Above All, Love

by Impact Church

“Share with the Lord’s people who are in need. Practice hospitality.” – Romans 12:13 (NIV)

Every Tuesday night, once our kids are sound asleep, you can find my husband and I cuddled up on the couch watching the latest episode of HGTV’s hit show Fixer Upper. On the show, Chip & Joanna Gaines show buyers three potential homes for purchase; each of which requires varying amounts of renovation. Once the buyers choose their home, Joanna handles preliminary designs while Chip serves as the lead contractor. Each episode ends with the breathtaking reveal of one of the most beautiful homes I’ve ever seen; as a result all of my home interior dreams consist of shiplap walls, farmhouse sinks, white subway tile, “chippy-paint”, wooden beams, and barn doors. The homes revealed are nothing short of absolute perfection. The problem is, for most of us, this level of magazine worthy perfection is simply unattainable. We are tempted to view shows like Fixer Upper and become discouraged, feeling as if our homes are insufficient. If we aren’t careful we’ll begin to think that the Lord’s command to be hospitable has something to do with the condition of our homes when it actually has everything to do with the condition of our hearts. Hospitality isn’t just something to do, it’s someone to be.

The definition of hospitality according to dictionary.com is “the quality or disposition of receiving and treating guests and strangers in a warm, friendly, generous way.” In this definition there is no mention of throw pillows being straight, an elaborate meal being prepared, or fresh flowers being arranged. In fact, it doesn’t mention the condition of our homes once. I’d like to submit to you this truth- real hospitality has nothing to do with a beautifully decorated home or a meticulously planned gourmet meal. Whether we live in a 5 bedroom home or a 1 bedroom apartment God is asking us each the same question: Are we willing to swing wide open the doors of our homes and hearts and welcome others in? The only requirement is our willingness to say yes and demonstrate God’s love in a practical and tangible way. While love is considered abstract, hospitality puts flesh and bones on it. Hospitality displays God’s love in action.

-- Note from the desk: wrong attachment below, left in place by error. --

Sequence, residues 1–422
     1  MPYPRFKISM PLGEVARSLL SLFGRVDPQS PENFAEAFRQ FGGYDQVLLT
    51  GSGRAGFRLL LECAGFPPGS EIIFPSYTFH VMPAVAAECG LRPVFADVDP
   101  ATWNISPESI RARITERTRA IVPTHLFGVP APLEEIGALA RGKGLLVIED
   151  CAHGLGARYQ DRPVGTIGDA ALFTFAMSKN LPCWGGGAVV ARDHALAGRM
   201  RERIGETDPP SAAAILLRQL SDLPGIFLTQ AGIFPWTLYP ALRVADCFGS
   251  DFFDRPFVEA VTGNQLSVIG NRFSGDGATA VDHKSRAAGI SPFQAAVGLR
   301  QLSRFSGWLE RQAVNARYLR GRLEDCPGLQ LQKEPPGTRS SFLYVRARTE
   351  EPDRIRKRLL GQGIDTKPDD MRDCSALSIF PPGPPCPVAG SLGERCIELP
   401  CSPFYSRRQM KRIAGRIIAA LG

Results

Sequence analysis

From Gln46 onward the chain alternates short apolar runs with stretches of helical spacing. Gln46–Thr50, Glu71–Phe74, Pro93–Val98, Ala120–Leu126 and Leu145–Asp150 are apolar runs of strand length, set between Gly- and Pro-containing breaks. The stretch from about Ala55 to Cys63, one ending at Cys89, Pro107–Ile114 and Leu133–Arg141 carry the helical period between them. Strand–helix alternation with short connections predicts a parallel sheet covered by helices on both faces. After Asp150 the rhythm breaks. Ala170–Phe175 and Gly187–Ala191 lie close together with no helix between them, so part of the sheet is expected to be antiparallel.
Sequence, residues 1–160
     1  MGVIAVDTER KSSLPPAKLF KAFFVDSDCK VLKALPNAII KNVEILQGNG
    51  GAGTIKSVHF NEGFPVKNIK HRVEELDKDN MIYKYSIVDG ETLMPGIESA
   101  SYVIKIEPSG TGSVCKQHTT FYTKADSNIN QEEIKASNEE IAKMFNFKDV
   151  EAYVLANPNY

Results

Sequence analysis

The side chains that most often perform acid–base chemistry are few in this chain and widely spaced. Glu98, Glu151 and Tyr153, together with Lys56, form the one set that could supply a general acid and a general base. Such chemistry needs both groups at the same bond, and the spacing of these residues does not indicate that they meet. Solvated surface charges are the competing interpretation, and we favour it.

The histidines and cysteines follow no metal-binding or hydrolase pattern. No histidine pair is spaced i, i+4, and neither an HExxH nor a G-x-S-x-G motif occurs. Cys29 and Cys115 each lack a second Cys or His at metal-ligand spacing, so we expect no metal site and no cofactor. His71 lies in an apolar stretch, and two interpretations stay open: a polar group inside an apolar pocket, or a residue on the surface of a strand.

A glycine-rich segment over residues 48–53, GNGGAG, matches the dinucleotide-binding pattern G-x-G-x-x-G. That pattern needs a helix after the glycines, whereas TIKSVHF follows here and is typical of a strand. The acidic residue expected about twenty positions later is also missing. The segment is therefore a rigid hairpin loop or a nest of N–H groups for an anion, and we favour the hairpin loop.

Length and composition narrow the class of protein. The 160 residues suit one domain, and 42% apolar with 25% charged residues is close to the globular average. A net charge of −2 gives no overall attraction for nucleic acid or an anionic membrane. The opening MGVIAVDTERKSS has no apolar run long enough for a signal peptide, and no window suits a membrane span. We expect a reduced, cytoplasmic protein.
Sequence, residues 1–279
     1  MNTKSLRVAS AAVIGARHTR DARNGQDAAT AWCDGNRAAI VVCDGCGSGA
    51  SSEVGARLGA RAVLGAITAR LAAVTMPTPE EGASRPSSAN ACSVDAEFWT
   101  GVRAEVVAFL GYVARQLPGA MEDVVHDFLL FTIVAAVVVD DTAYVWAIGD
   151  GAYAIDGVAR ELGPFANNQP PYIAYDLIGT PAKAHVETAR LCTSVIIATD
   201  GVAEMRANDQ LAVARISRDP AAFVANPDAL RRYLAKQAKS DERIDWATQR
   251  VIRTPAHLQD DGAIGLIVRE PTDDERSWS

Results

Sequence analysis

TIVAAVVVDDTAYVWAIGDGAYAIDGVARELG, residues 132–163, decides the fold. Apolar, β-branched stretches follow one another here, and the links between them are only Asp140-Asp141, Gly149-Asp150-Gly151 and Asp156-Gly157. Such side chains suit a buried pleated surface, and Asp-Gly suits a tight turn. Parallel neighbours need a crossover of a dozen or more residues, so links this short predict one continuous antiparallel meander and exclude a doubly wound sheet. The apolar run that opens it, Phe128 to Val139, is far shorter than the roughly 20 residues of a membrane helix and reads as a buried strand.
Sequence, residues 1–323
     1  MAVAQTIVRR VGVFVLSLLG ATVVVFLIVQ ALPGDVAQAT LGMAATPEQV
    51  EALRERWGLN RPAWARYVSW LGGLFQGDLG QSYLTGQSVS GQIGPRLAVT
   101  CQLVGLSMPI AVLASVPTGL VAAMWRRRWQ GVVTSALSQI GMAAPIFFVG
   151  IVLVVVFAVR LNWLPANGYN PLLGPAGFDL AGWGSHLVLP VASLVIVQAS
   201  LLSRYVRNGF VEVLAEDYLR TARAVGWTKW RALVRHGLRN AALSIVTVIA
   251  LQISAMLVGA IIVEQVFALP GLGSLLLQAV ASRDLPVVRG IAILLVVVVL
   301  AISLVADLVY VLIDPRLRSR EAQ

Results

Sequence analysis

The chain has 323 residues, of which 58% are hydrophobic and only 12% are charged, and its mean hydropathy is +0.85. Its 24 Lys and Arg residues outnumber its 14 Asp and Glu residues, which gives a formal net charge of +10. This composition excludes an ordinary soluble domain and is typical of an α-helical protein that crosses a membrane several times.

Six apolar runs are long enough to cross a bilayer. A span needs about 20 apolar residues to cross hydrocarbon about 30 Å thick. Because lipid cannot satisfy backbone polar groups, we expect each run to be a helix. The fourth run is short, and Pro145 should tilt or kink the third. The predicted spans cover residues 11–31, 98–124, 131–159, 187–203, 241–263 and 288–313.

Our God is the originator of hospitality. He welcomed Adam and Eve home into the Garden of Eden and surrounded them with unparalleled beauty and abundant provisions. Most importantly – He gave them His presence. Genesis records God walking in the garden “in the cool of the day.” Furthermore, while we were still sinners, alienated from God because of our sin, He sent His son Jesus. Jesus died for us so that we could be reconciled to God and invited into His family. Make no mistake – our God is hospitable. It’s who He is. As believers, we are to model God’s heart. When we imitate the hospitality of God we are living out the gospel for the world to see. Matthew 10:8 section b says, “Freely you have received, freely give.” We, who are extravagantly loved, are now commissioned to extravagantly love.

1 Peter 4:8 says, “above all, love each other deeply, because love covers a multitude of sins. Offer hospitality to one another without grumbling.” Above all, love.  Love has the miraculous ability to cover.

Love covers the dusty baseboards.

Love covers the crayons on the floor.

Love covers the dishes in the sink.

Ultimately God asks that we be selfless, not that our homes be spotless; that we live a life with open hands, hearts, and doors.  We are to be hospitable, submitting everything we have to God so that He can use it to generously bless someone else. May we fiercely love others by being accessible and authentic and open the doors of our homes with the sole purpose of blessing another.

Hospitality will look different in every home. What works for one may not work for another and that’s OK. There is no rigid format for this. I have two toddlers and inviting folks over for dinner around their bedtime would not be exercising wisdom on my part. But a mid-morning play date with a fellow mom or hosting a Saturday brunch works beautifully. Here’s the great thing – God has gifted each of us with 24 hours daily so that we can intentionally make room for hospitality at a time that does work for our schedule and season. Let’s ask God for an opportunity this week to share God’s love within the sanctuary of our homes. Remember – above all, love. “And do not forget to do good and to share with others, for with such sacrifices God is pleased.” (Hebrews 13:16)